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The Money Pit house

Houses famously used as movie locations are often up for sale, and usually their listings make the rounds on movie blogs. Yeah, it’s neat when Cameron’s home from Ferris Bueller’s Day Off or the farmhouse from Field of Dreams or the Home Alone home hit the real estate market, but it’s not funny. But the idea of buying “the money pit” from The Money Pit is pretty hilarious, right? After all, the mansion was one of the few non-horror-movie abodes to make our list of cinematic houses you don’t want to live in a while back. What makes the news of its actual listing, via the New York Times, even funnier is that the price is a whopping $12.5m. No, actually the funny part is that the current owners of the Long Island home — which goes by the name The Northway House — bought the thing as, yep, a money pit. Back in 2002, Rich and Christina Makowsky paid $2.125m, which was low for the area. That’s because it was falling apart. “We definitely could have done the sequel,” Rich is quoted as saying to the Times (he’s kinda joking, but I’d have watched that doc option). If only they’d paid more attention to the rumors at the time. Or read the New York Post article from 2001 (when it was listed at $2.95m) warning that “if life does imitate art, you may want to avoid buying this house” and referencing brokers who disputed Sotheby’s claim that it had been renovated to “aesthetically and technically […]

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Evgenia Eliseeva

Of all the men, in all the years, it be hard to argue that Bryan Cranston is not, in fact, having the best of them all. After an Emmy Award-winning run of the spectacular Breaking Bad finally and majestically came to a close, the actor got in some blockbuster experience with Godzilla, where he played the coveted role of being the crackpot who actually knew from the beginning what was actually going on beneath the Earth’s surface. Not content to just coast on his laurels, he’s been filling his downtime in New York City, portraying President Lyndon B. Johnson in the play All the Way for which last night he took home the Tony Award for Best Leading Actor in a Play. But lest you think he’s decided to leave movies behind, it looks like a collision of those two worlds is in order. Steven Spielberg is eyeing All the Way — which also took home a Tony last night for Best Play — to be transformed into a miniseries. The Robert Schenkkan play follows President Johnson beginning with President John F. Kennedy’s assassination and his subsequent inauguration, throughout his first year in office. It’s a packed first year too; Johnson uses his new power to pass the Civil Rights Act of 1964 and goes on to win enough favor that he stays in office for a full term. And if the Tony’s are any indication, Cranston plays the former president to cranky old man perfection.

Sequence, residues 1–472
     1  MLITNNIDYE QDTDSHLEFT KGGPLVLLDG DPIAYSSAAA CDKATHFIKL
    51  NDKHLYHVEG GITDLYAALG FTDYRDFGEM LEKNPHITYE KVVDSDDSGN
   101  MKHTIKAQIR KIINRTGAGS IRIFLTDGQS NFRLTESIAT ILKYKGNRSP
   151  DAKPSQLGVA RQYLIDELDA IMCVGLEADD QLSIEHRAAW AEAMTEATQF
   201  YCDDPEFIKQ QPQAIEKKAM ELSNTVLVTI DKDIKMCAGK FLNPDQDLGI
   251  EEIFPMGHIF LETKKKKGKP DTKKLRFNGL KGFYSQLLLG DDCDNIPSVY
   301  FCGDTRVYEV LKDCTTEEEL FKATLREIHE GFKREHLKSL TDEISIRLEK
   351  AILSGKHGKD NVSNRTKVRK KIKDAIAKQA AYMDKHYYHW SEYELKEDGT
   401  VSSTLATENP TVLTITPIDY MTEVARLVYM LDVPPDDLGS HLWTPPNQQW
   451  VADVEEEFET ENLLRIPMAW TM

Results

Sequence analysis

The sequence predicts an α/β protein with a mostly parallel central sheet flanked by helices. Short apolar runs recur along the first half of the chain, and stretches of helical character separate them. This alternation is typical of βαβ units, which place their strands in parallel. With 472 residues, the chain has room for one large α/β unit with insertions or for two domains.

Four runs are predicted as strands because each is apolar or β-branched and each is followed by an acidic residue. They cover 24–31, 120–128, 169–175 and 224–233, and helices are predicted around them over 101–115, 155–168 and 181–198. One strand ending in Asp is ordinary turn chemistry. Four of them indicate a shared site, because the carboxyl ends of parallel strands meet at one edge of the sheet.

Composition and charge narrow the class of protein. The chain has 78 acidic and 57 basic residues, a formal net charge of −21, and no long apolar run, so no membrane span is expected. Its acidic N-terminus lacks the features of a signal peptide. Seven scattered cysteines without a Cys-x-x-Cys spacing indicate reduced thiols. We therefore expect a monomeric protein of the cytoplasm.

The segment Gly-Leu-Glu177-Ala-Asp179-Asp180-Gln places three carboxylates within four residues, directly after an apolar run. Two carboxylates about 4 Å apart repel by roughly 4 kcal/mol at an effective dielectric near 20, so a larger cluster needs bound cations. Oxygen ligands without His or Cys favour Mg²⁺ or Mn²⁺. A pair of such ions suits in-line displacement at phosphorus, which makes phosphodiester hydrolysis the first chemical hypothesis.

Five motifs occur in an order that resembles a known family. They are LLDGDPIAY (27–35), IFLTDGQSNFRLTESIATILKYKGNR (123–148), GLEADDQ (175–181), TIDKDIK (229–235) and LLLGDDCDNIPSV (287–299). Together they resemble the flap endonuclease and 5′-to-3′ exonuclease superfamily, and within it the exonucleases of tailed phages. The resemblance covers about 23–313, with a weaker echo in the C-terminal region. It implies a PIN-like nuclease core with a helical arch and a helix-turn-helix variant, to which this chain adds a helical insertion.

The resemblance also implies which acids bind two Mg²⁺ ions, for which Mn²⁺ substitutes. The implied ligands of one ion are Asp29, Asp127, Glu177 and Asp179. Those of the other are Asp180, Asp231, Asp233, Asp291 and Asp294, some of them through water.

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Close Encounters of the Third Kind gas masks

When there’s a new remake out in theaters, the most obvious instruction I can have for you is to watch the original. Unless it’s a remake of something bad, I guess, but even then I think it’s necessary to go back and see the previous effort, for historical sake. With Godzilla, there are tons of predecessors. There’s another list to be written — and I think a few sites already have done so — recommending which past movies starring the King of the Monsters are worth seeing. I’ve actually only seen the first one from 1954, so I couldn’t be the authority on that anyway. As far as I know, there might even be something worthwhile in the 1998 remake that everyone hates. I never saw it (though I did see a bit being filmed when I lived near one of the locations) so I can’t argue for or against it. Instead, this week’s recommendations consist of other movies that clearly influenced the newest version (and some, the original), as well as some necessary earlier films of talent involved in the remake, plus a few titles that I was reminded of while watching that I think are relevant. And to make it easy on you, to ensure that you catch up with all of these titles  I’ve chosen, I note the easiest way for you to check out these films right now, thanks to the website Can I Stream.it?. As always, this list contains spoilers for the movie in focus, so only read […]